The question of how to handle a major mixed-use development in Summerfield proposed by David Couch, the owner of Summerfield Farms, has been a topic of debate in Summerfield for several years.
It now appears that the decision on if that development will move forward will be taken out of the hands of the Summerfield Town Council.
On Monday, Sept. 11, President Pro Tem of the state Sen. Sen. Phil Berger (R-Rockingham) sent a letter to Summerfield Mayor Tim Sessoms informing Sessoms that Berger would be supporting legislation to de-annex the 973 acres Couch owns from the Town of Summerfield.
Berger in the letter states, “As a legislator elected to represent Senate District 26, which includes Summerfield and much of northwestern Guilford County, I have a responsibility to step in when a local unit of government fails to take obvious and reasonable steps in the public interest, including creation of an environment conducive to addressing needs for housing and essential services for its citizens. The General Assembly has a vested interest in ensuring that the communities we represent are acting in the best interests of its citizens and the state. This action by the General Assembly is a necessary, appropriate, and reasonable step that must be taken.”
Much of Berger’s letter focuses on the lack of water and sewer service in Summerfield. Berger states, “Of particular concern is the fact that land use policies have hindered – some would say prevented – development of needed supplies of water and the necessary systems to treat wastewater. The Town of Summerfield is home to the largest population of North Carolina citizens reliant on septic tanks for sewage. An adverse public health event becomes more likely with each passing year. The absence of a public water supply for fire protection in Summerfield and northwestern Guilford County is an even more concerning present problem.”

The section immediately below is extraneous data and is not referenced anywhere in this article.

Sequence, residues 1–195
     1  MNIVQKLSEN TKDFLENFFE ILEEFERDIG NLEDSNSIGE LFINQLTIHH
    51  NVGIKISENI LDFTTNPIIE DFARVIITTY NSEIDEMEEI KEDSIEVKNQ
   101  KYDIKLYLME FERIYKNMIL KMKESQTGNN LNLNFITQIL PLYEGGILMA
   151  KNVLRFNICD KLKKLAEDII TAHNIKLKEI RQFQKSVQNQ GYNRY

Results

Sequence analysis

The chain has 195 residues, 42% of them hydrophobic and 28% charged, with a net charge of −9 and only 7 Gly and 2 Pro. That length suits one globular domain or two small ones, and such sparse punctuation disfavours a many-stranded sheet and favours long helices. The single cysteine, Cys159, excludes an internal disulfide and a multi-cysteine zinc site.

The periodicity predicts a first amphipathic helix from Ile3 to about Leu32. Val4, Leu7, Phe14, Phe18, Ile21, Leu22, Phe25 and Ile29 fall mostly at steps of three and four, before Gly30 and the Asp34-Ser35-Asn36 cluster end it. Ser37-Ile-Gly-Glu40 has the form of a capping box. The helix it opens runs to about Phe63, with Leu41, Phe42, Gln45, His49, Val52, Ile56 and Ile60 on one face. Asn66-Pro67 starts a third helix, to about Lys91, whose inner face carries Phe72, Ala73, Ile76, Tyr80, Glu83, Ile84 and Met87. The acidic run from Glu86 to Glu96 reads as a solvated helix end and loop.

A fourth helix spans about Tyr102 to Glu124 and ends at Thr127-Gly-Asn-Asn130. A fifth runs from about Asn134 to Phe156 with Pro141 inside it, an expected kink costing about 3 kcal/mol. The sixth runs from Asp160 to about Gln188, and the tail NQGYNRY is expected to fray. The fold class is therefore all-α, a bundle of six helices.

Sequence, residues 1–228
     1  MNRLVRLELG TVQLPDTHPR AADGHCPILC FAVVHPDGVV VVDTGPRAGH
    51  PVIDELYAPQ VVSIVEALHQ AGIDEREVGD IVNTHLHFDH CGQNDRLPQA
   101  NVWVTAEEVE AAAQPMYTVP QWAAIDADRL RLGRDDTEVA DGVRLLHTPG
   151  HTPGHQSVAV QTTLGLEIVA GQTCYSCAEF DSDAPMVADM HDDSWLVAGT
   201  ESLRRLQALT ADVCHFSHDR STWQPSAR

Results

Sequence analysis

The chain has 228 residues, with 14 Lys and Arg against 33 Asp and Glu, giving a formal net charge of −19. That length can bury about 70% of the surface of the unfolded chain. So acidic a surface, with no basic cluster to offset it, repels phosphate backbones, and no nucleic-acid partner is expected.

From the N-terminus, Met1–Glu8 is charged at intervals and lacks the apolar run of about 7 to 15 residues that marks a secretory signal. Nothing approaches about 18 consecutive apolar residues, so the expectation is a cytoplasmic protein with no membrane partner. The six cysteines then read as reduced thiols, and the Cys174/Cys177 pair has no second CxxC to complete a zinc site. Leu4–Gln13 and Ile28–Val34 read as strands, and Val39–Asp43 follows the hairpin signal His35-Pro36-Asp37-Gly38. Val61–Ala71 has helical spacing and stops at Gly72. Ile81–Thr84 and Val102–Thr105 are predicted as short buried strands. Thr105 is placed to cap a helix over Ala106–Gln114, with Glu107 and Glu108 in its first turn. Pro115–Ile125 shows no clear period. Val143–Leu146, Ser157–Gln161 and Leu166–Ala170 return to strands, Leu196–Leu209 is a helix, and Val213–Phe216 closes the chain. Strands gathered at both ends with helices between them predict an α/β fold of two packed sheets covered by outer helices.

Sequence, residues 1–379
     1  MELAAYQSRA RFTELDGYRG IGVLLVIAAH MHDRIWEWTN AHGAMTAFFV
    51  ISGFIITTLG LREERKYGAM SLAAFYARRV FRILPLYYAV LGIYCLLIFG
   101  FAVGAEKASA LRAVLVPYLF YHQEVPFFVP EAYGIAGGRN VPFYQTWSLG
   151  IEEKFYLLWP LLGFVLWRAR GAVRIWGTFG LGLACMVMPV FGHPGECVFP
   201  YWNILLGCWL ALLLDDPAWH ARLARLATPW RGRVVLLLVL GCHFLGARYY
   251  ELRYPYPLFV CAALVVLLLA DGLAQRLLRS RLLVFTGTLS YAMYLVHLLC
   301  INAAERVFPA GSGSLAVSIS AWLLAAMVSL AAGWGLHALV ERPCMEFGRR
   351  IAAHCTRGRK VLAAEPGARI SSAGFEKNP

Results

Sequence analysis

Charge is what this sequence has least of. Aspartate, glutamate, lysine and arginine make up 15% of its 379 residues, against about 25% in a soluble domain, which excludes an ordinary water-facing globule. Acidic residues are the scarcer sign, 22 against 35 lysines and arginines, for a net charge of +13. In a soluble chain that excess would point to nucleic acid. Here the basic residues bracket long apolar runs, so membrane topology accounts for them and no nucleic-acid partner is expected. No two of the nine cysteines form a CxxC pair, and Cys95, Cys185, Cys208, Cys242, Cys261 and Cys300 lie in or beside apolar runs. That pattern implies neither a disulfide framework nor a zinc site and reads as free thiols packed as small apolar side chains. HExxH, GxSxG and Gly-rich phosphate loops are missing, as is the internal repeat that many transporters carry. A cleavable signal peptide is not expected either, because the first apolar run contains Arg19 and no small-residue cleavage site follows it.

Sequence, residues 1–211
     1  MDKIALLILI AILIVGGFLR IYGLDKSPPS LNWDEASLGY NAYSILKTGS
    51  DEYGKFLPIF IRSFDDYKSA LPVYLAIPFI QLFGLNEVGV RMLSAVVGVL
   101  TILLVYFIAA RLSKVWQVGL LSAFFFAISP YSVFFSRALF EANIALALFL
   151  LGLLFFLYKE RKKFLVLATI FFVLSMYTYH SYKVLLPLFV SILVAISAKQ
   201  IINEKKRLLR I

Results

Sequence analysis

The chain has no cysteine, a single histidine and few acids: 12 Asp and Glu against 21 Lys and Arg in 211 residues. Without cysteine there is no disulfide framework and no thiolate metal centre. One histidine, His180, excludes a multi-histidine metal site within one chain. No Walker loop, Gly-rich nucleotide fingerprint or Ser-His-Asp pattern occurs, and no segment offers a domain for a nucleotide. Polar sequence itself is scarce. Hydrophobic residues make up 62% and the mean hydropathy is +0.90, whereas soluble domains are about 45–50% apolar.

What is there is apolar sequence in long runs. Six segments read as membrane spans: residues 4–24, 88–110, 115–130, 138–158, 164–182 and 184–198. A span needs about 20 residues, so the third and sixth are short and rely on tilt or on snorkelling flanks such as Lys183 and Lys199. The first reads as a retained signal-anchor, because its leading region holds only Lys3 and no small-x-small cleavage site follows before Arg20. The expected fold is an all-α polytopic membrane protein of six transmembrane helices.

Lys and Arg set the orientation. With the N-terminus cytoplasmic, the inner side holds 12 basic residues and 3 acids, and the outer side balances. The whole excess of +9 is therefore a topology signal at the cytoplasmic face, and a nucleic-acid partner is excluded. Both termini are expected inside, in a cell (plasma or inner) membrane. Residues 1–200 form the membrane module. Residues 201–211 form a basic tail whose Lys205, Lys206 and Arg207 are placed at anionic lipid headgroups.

Berger also notes that the Summerfield land use policies are not conducive to a mix of housing options. Berger states, “Without question, Summerfield’s housing and land use policies are among the most restrictive enacted by a municipality in North Carolina. Guilford Count’s growth presents an urgent public need for additional housing options so the nurses, teachers, first responders, and construction workers the Triad relies on can live in the communities they serve. Zoning practices codified in the Town’s ordinances exacerbate rather than ameliorate the current housing crunch.”
When Couch hit a roadblock with the Summerfield Town Council on proceeding with the mixed-use development he proposed, he requested that the legislature de-annex his land from the Town of Summerfield. With the letter from Berger, it appears that is what the legislature plans to do.